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Suzman was one tough white lady

Did you follow the controversy in South Africa when the Democratic Alliance [in its political ­education campaign] used an image of Helen Suzman being hugged by Nelson Mandela? What did you make of the criticism that she legitimated the apartheid Parliament?
The lions of the liberation movement – [Albert] Luthuli, [Robert] Sobukwe, [Nelson] Mandela, [Walter] Sisulu, [Bram] Fischer – admired and respected her, as she did them.

Nowadays you get some lesser figures who want to argue with her posthumously, but the critique is a critique of so-called liberalism. She was, in my view, a true liberal. She was anything but soft. She stood for a bunch of values she was prepared to defend against all comers, starting with Hendrik Verwoerd.

She took great pride and comfort in the fact that the values she stood for were incorporated in the Constitution. It is, in that sense, a fully liberal Constitution.

The issue for her under the new regime was the degree to which the Constitution would be respected, not just in the letter but in the spirit too.

And, as you write in the book, Mandela was very fond of her, besides admiring her. That hug was genuine. They saw a lot of each other, didn't they, after he went to live in her constituency?
He and Graça [Machel] used to appear unannounced at her house on her birthday.

There are many episodes, which are wonderful, in the book. She didn't only campaign to get him out of jail, she campaigned for family visits, books, [University of South Africa] education, everything, while trying to help the families as well.

He didn't forget that. He believed she was fundamentally trying to do the right thing for South Africa.

Was it difficult, when you were the British ambassador in South Africa, being in some ways caught between the different sides? You were serving under Margaret Thatcher, and people in the ­liberation movement hated Thatcher.
Things in diplomatic life are often not quite what they seem. I used to go and see Oliver Tambo, in Highgate [London], when I was on leave. Adelaide Tambo used to produce currant cake for me!

In Lusaka [in the 1980s], we had a senior British diplomat doing nothing else but talk to the ANC. There was a lot of contact with them. They didn't like the fact that we opposed general sanctions, though we did impose selective sanctions.

People have forgotten how many sanctions we did impose – nuclear, military, oil and sports sanctions. The military sanctions did have an effect; they prevented the air force [from] modernising itself effectively.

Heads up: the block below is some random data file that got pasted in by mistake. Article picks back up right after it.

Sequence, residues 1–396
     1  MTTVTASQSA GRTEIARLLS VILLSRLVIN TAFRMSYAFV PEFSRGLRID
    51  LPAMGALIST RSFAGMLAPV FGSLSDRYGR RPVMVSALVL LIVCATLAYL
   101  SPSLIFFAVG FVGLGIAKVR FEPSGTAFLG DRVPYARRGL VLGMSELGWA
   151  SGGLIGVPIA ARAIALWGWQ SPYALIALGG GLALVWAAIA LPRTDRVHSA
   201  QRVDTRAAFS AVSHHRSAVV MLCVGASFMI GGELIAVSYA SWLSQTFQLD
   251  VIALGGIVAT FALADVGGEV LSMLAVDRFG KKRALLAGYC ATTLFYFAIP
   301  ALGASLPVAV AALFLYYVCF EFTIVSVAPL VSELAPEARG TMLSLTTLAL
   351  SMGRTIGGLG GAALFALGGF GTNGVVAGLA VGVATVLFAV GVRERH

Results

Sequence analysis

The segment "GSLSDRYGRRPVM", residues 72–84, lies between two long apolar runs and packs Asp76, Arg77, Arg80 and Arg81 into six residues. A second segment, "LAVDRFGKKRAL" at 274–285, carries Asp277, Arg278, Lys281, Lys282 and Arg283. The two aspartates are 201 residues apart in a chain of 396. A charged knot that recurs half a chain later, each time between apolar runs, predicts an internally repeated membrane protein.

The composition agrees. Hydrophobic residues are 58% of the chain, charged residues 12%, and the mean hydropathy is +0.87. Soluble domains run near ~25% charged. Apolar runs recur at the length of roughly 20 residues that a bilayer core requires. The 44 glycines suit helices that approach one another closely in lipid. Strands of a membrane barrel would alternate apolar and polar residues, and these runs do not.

Helen Suzman disliked sports sanctions because she was a sports fan, but she admitted that they were working – they had an effect on white South Africans. She opposed other sanctions because she felt people were going to be losing their jobs.

She was always in touch with the people she was trying to help. During the forced removals in the 1950s, she went to witness how people were being dumped in the veld.

She told Parliament: "Not one of you ever goes to see what you've done."

You note her famous biting wit, as when she suggested that John Vorster, then prime ­minister, should go to the townships "heavily disguised as a human being" to see the real effects of apartheid.
She was tremendously effective. For two reasons, in my opinion.

The one was in terms of race relations. She demonstrated to black South Africans that there was one tough white lady in Parliament who spent her time campaigning for the disenfranchised.

Second, when things were at their worst, and she was the lone opposition in Parliament for 13 years, she would say to her supporters: "Never give up, because time is on our side."

She said it was her anger that kept her going. But it was also the certainty that she was right.

In the end, her arguments were unanswerable. After years in Parliament, she found the verligte (enlightened) Nats making the same speeches she had made 20 years before!

At a time when everyone was forecasting civil war, complete disaster for South Africa, she never believed that. She always believed there would be a resolution by negotiation between the moderates on both sides.

Robin Renwick's book, Helen ­Suzman: Bright Star in a Dark Chamber, is published by Jonathan Ball.

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Shaun de Waal
Shaun De Waal

Shaun de Waal has worked at the Mail & Guardian since 1989. He was literary editor from 1991 to 2006 and chief film critic for 15 years. He is now editor-at-large. Recent publications include Exposure: Queer Fiction, 25 Years of the Mail & Guardian and Not the Movie of the Week.

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